Failed U.S. Bank Total Pass Century Mark as FDIC Looks to Boost Reserves

Partners Bank of Naples, Fla. was the 100th bank to be shuttered this year.

October 23, 2009, 12:08 PM

Oct. 23, 2009— -- In the latest sign of the lasting effects of the financial crisis, federal regulators today closed down the 100th bank this year.

The Office of Thrift Supervision Friday afternoon shut down Partners Bank of Naples, Florida.

The Federal Deposit Insurance Corporation was appointed as the bank's receiver and the FDIC then entered into an agreement with Stonegate Bank of Fort Lauderdale, Fla., to assume the deposits of Partners Bank. When the two branches of Partners Bank open on Monday, they will be branches of Stonegate Bank. As of Sept. 30, Partners Bank had assets worth $65.5 million, the FDIC said, and total deposits of approximately $64.9 million.

Shortly after closing Partners Bank, federal regulators also shuttered American United Bank in Lawrenceville, Ga., the 101st bank to collapse this year.

The Hillcrest Bank, another financial institution in Naples, Fla. has closed as well as the Flagship National Bank, Bradenton, Fla.

The Bank of Elmwood, Racine, Wisconsin, Riverview Community Bank, Otsego, Minnesota and First Dupage Bank, Westmont, Illinois also failed late Friday evening.

Last week, regulators closed San Joaquin Bank in Bakersfield, Calif., the 99th bank to fail.

In all of 2008, federal regulators only shut down 25 banks. This year has already seen four times as many banks go down. Thus far banks have collapsed at an average of about 10 per month.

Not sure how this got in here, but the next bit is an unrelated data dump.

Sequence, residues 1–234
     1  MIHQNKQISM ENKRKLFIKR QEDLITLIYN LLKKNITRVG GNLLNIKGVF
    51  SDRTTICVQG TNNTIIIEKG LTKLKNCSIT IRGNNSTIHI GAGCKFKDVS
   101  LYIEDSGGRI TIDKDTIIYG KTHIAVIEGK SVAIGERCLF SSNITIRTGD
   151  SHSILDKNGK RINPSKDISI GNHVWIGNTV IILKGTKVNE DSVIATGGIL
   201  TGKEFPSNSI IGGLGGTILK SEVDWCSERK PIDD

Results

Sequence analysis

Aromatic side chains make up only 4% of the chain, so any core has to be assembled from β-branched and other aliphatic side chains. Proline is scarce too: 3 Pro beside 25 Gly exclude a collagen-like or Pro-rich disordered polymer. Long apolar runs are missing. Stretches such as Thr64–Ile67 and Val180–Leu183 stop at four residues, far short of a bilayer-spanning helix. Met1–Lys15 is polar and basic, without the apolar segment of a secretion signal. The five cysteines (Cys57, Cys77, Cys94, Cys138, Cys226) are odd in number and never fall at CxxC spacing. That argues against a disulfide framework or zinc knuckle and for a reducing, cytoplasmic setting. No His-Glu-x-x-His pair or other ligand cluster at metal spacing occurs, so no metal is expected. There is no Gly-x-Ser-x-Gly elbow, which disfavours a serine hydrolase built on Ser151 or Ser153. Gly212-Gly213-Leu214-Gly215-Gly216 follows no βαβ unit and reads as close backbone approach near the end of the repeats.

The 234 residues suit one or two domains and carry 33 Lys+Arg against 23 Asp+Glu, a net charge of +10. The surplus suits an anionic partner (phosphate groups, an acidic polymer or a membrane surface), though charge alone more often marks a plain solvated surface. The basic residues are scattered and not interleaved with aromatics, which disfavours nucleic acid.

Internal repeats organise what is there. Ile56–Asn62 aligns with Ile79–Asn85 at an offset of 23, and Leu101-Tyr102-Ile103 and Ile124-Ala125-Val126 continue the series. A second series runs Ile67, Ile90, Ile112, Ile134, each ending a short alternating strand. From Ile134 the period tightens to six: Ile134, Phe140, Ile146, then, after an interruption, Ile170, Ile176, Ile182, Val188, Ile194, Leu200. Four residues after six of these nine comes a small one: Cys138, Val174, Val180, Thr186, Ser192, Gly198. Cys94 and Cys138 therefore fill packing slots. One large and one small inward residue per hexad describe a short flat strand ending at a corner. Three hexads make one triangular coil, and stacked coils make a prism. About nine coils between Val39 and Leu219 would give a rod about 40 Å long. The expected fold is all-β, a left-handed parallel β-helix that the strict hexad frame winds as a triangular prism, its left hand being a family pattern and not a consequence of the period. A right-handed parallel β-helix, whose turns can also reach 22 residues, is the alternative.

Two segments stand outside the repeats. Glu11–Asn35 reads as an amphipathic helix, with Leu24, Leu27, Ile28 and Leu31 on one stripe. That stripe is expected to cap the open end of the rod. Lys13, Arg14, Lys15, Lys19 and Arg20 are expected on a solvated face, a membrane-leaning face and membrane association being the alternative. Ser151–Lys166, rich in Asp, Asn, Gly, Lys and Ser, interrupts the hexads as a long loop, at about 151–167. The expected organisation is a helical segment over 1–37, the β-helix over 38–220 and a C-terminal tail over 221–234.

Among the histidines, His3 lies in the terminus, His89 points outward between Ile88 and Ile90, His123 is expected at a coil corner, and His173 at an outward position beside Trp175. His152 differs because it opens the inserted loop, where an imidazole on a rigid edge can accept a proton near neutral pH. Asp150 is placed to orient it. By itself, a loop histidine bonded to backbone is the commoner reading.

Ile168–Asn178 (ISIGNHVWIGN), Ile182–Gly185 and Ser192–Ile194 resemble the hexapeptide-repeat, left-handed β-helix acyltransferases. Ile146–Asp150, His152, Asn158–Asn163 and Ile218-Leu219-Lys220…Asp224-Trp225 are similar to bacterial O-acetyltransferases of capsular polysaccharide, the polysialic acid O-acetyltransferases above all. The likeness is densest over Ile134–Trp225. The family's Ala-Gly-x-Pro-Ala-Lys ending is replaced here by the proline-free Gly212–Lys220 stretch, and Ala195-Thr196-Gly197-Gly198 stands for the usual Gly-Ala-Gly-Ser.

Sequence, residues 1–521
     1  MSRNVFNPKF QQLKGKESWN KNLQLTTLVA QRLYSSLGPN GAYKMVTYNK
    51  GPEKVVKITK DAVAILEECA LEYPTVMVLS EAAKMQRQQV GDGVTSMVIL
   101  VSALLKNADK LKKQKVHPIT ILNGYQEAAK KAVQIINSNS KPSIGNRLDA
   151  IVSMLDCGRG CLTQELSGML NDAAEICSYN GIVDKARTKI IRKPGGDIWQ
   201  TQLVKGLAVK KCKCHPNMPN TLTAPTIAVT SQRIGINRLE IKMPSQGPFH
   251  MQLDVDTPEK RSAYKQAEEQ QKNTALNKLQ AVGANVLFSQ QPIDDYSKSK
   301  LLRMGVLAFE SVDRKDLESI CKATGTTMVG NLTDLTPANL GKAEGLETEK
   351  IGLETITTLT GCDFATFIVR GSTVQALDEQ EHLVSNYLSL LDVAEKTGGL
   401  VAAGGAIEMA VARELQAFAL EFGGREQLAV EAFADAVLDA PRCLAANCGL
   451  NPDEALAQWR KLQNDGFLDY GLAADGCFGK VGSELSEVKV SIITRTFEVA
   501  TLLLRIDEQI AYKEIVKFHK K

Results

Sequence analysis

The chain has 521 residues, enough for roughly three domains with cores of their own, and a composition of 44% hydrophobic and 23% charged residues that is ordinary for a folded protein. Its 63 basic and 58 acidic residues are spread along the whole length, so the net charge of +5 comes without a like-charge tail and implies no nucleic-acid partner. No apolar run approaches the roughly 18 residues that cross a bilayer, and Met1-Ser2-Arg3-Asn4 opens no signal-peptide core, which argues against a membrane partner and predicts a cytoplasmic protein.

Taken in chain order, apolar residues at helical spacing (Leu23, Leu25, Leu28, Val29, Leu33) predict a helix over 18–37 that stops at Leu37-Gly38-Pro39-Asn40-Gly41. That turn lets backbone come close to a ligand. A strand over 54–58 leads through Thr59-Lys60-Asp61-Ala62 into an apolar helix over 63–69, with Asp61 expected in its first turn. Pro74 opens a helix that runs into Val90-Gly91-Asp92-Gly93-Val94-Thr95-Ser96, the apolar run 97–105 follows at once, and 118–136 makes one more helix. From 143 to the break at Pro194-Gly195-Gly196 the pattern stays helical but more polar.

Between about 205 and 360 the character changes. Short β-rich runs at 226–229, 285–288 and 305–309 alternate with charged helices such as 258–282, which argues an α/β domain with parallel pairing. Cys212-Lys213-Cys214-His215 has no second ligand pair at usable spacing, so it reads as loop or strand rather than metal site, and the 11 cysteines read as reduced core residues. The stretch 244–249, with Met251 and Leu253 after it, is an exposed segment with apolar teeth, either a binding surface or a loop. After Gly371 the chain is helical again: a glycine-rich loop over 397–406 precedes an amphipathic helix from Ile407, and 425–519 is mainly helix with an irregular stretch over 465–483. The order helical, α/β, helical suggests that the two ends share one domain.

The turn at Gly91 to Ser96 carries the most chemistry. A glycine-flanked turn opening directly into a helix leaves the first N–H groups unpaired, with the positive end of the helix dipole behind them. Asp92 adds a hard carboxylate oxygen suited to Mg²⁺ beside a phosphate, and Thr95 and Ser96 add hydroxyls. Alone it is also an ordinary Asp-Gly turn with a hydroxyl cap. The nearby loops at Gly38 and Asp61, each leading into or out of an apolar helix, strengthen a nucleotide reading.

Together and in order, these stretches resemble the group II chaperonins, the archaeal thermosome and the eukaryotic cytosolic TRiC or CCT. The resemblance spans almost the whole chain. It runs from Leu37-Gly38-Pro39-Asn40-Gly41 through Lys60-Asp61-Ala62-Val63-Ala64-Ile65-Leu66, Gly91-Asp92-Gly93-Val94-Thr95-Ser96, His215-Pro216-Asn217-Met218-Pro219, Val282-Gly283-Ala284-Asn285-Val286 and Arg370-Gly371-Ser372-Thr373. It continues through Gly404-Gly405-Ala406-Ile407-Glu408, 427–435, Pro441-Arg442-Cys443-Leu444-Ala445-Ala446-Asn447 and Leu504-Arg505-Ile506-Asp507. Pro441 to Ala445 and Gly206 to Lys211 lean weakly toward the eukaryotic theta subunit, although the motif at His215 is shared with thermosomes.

FDIC chief Sheila Bair today attempted to ease the concerns of bank customers.

"I want to take this opportunity to reassure consumers that their insured deposits are absolutely safe," she said in a video posted on YouTube.

The FDIC provides basic insurance of up to $250,000 per depositor, per insured bank.

"Throughout the FDIC's 75-year history, no insured depositor has ever lost a penny of insured deposits and none ever will," she said.

Despite the rising tide of bank failures, it is extremely unlikely that 2009 will set the record for most collapses in one year. That was set in 1992 when 181 banks went down, the most since the Great Depression.

"Some banks continue to face serious challenges, but the overwhelming majority will weather this economic storm," Bair said. "There are many signs that our economy is recovering and as the economy heals so will the banking system. Until the healing process is complete, there will be more bank failures, however the number of bank failures we are experiencing is significantly lower than those the FDIC has handled during past crises."

While 2009 has had its share of major bank meltdowns, there have been no collapses this year as big as last year's failures of IndyMac and Washington Mutual. The largest failure so far in 2009 was Colonial BancGroup of Montgomery, Ala., which collapsed in August with about $25 billion in assets.

The rising number of bank failures has taken a severe toll on the government-backed FDIC, which insures bank deposits up to $250,000 and was set up after the raft of bank failures in the 1930s. As of the end of June, the agency's insurance fund for depositors had dwindled to $10.4 billion, the lowest level in 15 years, and agency officials said the fund balance turned negative in late September.

The FDIC currently has 416 financial institutions on its "problem list," the highest number since June 1994. The agency now expects bank failures to cost the fund $100 billion over the next four years, with the bulk of the costs coming this year and next.

Bank Failure Culprit: Real Estate Loans

Failed real estate loans are the chief culprit for current bank failures. FDIC chief Sheila Bair reiterated at a Senate hearing last week that increasing losses on soured commercial real estate loans remain the biggest challenge for banks these days.

To bolster its dwindling fund, the FDIC last month proposed that banks pay three years worth of fees in advance, a move that could rake in $45 billion.

Despite the agency's dwindling insurance fund, Bair has consistently emphasized that FDIC-insured bank deposits are safe. The agency also has tens of billions in additional loss reserves that can be used if necessary, as well as a $500 billion credit line with the Treasury Department.

"We cannot run out of money," Bair said today.

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